Archive for November, 2014

Council opens second consultation on proposed highway improvement measures

Posted on Thursday 27th November 2014 at 9:27 am by SH (Editor)

Double yellow lines and kerb. Photo by Dominic Alves.

South Gloucestershire Council (SGC) has opened a second round of public consultation on selected aspects of a proposed scheme that aims to address traffic and parking issues in the Coniston Road area of Patchway.

The proposed measures have come out of a review of the “remaining traffic issues” in the Patchway area, following SGC’s decision, last October, to keep Highwood Road permanently closed to general traffic.

According to the council, the proposed scheme is targeted at “improving vehicular access (particularly for buses) and improving road safety at junctions”.

The proposed measures include:

  • Extension of the existing 20 mph zone
  • Implementation of new speed tables
  • Amendments to the limited stay parking provision in Rodway Road
  • Additional waiting restrictions to support bus routes and improve
    access and safety

The proposals have been discussed by local councillors, Patchway Town Council, presented at a public exhibition arranged by the town council, as well as being the subject of a five-week public consultation carried out in September and October 2014.

In response to the first public consultation, a number of possible amendments to the waiting restrictions have now been proposed for Bradley Road, Durban Road, Cranbourne Road, Lower Thirlmere Road, Thirlmere Road and parts of Coniston Road and Rodway Road. It is these amendments that are now the subject of a second round of public consultation.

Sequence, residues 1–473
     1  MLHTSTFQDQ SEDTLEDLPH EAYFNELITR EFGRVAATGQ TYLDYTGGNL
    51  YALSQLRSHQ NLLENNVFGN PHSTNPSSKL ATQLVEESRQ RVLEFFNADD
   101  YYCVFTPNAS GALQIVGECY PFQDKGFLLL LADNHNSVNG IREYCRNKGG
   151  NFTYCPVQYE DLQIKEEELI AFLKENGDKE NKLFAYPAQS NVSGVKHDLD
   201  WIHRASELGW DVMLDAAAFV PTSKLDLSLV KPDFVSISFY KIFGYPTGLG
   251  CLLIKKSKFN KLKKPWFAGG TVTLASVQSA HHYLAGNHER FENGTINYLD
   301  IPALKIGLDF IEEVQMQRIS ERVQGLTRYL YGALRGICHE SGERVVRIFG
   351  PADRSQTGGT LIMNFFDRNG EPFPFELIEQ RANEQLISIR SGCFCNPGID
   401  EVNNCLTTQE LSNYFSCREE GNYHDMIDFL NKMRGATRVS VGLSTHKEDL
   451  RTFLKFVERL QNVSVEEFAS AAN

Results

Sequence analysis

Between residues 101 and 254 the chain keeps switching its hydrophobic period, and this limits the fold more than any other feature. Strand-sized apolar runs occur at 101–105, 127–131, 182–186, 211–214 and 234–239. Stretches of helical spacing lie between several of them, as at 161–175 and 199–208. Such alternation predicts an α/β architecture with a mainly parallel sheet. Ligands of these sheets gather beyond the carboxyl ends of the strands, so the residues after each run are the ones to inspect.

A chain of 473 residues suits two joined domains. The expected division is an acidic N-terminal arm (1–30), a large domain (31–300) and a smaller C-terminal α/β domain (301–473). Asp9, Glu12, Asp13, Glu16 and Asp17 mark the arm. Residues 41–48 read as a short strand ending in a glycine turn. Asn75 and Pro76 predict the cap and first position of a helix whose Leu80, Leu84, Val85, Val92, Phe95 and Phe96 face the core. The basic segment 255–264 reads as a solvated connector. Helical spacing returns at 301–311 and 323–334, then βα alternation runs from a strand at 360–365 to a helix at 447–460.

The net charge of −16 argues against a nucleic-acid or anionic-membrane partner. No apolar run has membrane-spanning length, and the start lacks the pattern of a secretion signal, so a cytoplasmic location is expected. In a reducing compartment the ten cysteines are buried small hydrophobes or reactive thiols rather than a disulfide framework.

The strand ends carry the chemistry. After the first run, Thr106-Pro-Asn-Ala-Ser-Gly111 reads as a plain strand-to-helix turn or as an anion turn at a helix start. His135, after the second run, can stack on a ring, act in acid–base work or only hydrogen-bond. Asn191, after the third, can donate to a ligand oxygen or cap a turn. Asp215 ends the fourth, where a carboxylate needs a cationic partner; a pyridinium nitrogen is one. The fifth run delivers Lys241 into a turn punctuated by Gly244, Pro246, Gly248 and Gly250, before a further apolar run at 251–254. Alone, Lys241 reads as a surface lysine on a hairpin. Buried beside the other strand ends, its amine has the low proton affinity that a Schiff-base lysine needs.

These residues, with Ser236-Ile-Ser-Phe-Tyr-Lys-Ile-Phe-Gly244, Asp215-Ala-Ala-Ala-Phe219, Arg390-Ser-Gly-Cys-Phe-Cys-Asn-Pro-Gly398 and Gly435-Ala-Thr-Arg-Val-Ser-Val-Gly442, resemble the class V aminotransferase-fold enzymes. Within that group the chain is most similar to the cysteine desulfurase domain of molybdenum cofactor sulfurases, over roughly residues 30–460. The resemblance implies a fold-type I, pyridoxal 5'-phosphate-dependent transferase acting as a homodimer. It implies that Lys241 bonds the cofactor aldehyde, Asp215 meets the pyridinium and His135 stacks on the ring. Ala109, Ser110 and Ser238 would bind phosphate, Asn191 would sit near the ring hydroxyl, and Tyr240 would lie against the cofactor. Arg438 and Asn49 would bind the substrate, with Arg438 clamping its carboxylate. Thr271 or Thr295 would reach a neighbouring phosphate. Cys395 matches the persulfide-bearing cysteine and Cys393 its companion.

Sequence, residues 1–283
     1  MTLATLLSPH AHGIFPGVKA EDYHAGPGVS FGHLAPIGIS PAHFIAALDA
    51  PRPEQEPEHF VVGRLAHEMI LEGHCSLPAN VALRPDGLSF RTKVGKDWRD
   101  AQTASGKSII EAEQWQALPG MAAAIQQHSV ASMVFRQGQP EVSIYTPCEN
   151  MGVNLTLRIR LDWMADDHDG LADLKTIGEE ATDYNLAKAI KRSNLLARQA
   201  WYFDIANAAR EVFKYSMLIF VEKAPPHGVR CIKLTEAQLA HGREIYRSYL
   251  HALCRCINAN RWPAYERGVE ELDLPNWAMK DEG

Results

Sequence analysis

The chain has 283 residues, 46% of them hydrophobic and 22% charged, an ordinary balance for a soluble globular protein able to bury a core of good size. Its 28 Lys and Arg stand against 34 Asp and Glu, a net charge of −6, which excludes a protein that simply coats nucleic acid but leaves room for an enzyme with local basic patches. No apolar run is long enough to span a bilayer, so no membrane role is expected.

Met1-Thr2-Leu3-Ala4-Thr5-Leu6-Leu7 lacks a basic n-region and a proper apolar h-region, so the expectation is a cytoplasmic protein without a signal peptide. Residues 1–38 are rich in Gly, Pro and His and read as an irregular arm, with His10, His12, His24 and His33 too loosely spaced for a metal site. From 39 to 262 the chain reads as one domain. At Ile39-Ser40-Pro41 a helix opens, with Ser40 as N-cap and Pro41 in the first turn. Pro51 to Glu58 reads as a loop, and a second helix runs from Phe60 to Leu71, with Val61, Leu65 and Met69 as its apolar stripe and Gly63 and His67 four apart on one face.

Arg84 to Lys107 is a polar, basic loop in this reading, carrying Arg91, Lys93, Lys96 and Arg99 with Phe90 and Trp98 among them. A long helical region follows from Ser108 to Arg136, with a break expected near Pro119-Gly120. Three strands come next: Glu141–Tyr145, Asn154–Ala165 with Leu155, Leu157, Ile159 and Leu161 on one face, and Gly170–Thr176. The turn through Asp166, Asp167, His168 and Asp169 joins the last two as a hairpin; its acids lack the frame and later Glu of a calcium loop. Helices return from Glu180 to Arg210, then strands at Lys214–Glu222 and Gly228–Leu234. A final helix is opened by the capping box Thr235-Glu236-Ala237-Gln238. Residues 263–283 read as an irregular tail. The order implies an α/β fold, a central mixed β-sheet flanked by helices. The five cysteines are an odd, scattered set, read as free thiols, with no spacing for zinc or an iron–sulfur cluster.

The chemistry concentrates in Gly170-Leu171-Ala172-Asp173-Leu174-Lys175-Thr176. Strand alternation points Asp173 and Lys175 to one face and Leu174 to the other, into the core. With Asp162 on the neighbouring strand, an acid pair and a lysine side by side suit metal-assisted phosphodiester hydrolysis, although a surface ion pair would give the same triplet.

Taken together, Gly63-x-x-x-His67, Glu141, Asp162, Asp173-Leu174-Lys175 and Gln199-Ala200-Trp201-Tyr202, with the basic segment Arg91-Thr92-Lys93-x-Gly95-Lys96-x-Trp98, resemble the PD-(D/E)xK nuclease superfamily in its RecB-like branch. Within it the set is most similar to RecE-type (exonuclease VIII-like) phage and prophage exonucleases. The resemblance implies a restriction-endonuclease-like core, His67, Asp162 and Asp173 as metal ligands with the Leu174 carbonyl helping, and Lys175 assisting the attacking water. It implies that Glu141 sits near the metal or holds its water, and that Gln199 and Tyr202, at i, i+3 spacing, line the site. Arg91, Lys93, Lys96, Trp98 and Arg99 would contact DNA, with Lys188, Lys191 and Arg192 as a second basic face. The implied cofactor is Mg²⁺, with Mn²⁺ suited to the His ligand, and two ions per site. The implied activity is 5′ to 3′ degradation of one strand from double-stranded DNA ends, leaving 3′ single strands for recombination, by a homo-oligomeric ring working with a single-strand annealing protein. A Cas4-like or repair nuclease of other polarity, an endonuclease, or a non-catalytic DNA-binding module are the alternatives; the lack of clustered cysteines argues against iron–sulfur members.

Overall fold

Drawings showing the proposals are available on a dedicated consultation page on the SGC website. They can also be viewed at Patchway Town Council’s offices or at Patchway Library during normal opening hours. The closing date for comments is Friday 12th December 2014.

Depending on the results of the second public consultation and public advertisement of the required Traffic Regulation Order (TRO), the council anticipates that the proposed scheme will be implemented during the next financial year (2015/2016).

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Filton Airfield development plans submitted

Posted on Monday 10th November 2014 at 9:14 pm by SH (Editor)

Filton Airfield redevelopment: Aerial view.

A press release from the potential developers of the site.

Following nearly a year of consultation with local people, BAE Systems and Alder King have submitted a planning application for the redevelopment of Filton Airfield. Developing the site would create around 9,000 jobs and vital new community facilities serving the wider community.

It would bring two new primary schools, a new secondary school, a community and health centre and a wide range of new homes. This application comes shortly after the Bristol Aero Collection Trust submitted its plans for two new museums on the site, to celebrate Filton’s aero engineering heritage.

Lloyd Burnell from the Bristol Aero Collection Trust said:

“We are very happy that the new Bristol Aerospace Centre is part of this site. With the newly planned schools and communities, the museum will help local people become inspired by Filton’s past and present engineering excellence and achievements in aerospace, including its pride and joy – Concorde.”

“BAE Systems is providing the land for free as well as making a significant contribution to overall project . There has also been a huge amount of support for the museum so we look forward to being able to start building next year.”

John Benson from Alder King said:

“During our consultation, people told us what was most important to them – heritage, jobs, transport and community facilities. 95% agreed with the plans to celebrate heritage, not only through the new museums but also through naming the site, roads and buildings after famous people and planes from the past. We will continue to work with local groups to do this and will call the employment area ‘Concorde Park’ in line with the public vote.”

More: Development’s potential impact on traffic a big concern »

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